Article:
Prosecutors in the corruption retrial of ousted Illinois Gov. Rod Blagojevich are questioning the value of the two witnesses the defense wants to call, Chicago Mayor Rahm Emanuel and US. Rep. Jesse Jackson Jr.
Prosecutor Reid Schar says neither could offer relevant testimony to the case, and that both had only one or two conversations with the defendant.
Defense attorney Aaron Goldstein said Jackson can speak to the allegation that Blagojevich sought to sell or trade the appointment to President Barack Obama's vacated Senate seat. He says Jackson will testify that he never offered or directed anyone to offer campaign contributions for the seat.
The defense was set to call its first witnesses Wednesday. Lawyers in Blagojevich's first trial last year did not call any.
Rod Blagojevich's attorneys will begin mounting their first defense of the former Illinois governor Wednesday in his retrial on corruption charges, and new Chicago Mayor Rahm Emanuel is expected to be one of the opening witnesses.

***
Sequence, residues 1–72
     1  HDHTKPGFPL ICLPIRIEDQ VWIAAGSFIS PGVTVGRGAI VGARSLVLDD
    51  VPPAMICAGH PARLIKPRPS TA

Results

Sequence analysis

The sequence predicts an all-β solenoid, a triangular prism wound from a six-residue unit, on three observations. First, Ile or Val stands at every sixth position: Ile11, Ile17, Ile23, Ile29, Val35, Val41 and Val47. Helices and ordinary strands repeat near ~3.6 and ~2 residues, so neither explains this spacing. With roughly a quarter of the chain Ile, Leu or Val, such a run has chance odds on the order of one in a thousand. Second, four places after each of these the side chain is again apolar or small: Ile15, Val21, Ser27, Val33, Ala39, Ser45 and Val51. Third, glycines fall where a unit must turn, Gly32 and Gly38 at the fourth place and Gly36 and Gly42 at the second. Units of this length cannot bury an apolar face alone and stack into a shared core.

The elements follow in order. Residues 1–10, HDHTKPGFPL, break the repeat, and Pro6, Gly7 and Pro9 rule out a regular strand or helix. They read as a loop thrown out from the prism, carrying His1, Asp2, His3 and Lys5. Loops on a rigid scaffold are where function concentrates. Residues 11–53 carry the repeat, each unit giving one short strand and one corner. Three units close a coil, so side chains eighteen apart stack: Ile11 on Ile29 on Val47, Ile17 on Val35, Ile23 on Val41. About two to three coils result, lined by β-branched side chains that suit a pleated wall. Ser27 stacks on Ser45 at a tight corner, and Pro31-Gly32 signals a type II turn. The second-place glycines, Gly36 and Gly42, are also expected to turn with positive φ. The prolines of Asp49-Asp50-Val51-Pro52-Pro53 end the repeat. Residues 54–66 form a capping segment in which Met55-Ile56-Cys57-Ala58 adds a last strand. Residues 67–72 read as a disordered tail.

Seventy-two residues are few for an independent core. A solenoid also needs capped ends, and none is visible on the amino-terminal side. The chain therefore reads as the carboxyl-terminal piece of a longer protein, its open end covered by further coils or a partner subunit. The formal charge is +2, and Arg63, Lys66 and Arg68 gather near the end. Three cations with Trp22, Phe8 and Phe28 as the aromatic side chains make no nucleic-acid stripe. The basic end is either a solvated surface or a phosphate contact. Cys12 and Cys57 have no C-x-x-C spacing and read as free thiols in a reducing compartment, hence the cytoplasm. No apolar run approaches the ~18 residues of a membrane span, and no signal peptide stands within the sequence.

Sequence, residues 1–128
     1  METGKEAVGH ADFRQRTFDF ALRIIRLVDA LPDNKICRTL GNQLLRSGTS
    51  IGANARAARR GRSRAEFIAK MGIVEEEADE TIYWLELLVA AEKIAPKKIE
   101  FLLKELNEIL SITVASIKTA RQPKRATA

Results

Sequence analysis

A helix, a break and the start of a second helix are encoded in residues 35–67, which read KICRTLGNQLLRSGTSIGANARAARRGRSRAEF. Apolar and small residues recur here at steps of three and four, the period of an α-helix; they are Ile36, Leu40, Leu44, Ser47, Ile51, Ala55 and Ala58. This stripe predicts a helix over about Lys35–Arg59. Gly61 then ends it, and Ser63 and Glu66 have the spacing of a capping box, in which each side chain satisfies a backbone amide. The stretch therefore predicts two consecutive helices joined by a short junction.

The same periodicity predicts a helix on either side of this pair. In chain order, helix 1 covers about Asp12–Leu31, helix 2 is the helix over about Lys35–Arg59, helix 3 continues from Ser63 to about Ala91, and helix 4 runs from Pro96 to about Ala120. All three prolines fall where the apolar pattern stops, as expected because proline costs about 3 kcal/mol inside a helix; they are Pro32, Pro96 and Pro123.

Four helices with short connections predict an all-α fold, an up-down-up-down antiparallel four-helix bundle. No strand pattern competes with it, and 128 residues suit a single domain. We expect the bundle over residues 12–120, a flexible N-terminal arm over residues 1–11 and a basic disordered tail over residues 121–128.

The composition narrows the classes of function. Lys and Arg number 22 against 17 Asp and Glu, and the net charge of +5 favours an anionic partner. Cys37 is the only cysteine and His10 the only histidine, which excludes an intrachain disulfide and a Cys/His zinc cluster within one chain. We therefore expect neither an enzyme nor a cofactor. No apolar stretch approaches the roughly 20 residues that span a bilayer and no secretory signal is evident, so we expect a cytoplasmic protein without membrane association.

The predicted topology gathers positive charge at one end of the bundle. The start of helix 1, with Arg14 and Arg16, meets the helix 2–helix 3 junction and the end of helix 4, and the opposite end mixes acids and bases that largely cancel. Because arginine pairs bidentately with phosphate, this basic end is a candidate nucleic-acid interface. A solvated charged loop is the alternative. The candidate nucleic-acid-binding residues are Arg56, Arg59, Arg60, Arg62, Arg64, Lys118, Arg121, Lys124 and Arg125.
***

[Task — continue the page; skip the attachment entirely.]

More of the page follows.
Emanuel and U.S. Rep. Jesse Jackson Jr. have been called to testify in the Blagojevich case, according to a person familiar with the defense plans who spoke on condition of anonymity because the person was not authorized to speak publicly. The two elected officials were expected to appear Wednesday at the Dirksen Federal Courthouse.
In the first trial last year, Blagojevich's attorneys rested without calling a single witness. The jury later deadlocked on 23 of the 24 counts against the former governor, including allegations that he tried to sell or trade President Barack Obama's former U.S. Senate seat in exchange for campaign funds or a job for himself.